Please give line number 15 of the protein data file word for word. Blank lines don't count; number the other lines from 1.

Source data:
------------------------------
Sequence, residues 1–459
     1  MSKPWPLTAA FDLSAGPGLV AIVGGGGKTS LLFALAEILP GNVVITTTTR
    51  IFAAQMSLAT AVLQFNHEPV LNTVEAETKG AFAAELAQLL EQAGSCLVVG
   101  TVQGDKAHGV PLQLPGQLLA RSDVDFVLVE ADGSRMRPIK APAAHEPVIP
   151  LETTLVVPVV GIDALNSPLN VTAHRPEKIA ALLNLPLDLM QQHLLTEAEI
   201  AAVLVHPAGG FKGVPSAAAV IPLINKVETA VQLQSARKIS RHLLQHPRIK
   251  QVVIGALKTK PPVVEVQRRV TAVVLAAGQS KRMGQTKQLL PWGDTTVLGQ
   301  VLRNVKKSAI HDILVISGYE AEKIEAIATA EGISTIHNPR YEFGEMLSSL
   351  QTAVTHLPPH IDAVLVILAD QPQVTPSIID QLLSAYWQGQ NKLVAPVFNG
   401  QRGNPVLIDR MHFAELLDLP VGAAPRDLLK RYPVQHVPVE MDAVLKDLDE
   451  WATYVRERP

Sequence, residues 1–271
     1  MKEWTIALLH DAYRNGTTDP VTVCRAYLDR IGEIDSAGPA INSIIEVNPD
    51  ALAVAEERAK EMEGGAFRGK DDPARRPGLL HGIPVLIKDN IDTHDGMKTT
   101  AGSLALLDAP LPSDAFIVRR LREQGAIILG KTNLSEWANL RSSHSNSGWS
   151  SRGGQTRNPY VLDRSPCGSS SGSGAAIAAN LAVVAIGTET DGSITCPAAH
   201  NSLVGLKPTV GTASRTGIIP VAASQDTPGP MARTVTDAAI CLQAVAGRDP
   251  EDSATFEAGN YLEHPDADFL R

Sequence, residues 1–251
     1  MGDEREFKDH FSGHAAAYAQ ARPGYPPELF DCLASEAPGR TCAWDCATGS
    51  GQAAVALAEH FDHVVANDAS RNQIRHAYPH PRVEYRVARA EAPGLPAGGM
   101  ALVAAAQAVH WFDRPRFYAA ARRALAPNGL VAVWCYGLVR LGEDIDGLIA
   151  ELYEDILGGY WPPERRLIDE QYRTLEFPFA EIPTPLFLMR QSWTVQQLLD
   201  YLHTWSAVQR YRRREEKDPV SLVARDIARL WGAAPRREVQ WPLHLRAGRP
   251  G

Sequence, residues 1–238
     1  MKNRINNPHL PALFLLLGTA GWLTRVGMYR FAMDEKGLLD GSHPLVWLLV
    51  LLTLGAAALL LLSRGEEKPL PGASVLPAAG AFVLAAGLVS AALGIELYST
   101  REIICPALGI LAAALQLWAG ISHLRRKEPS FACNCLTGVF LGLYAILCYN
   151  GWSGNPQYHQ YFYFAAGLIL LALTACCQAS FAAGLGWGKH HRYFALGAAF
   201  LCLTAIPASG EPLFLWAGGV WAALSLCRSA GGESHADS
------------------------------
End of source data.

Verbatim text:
   101  AGSLALLDAP LPSDAFIVRR LREQGAIILG KTNLSEWANL RSSHSNSGWS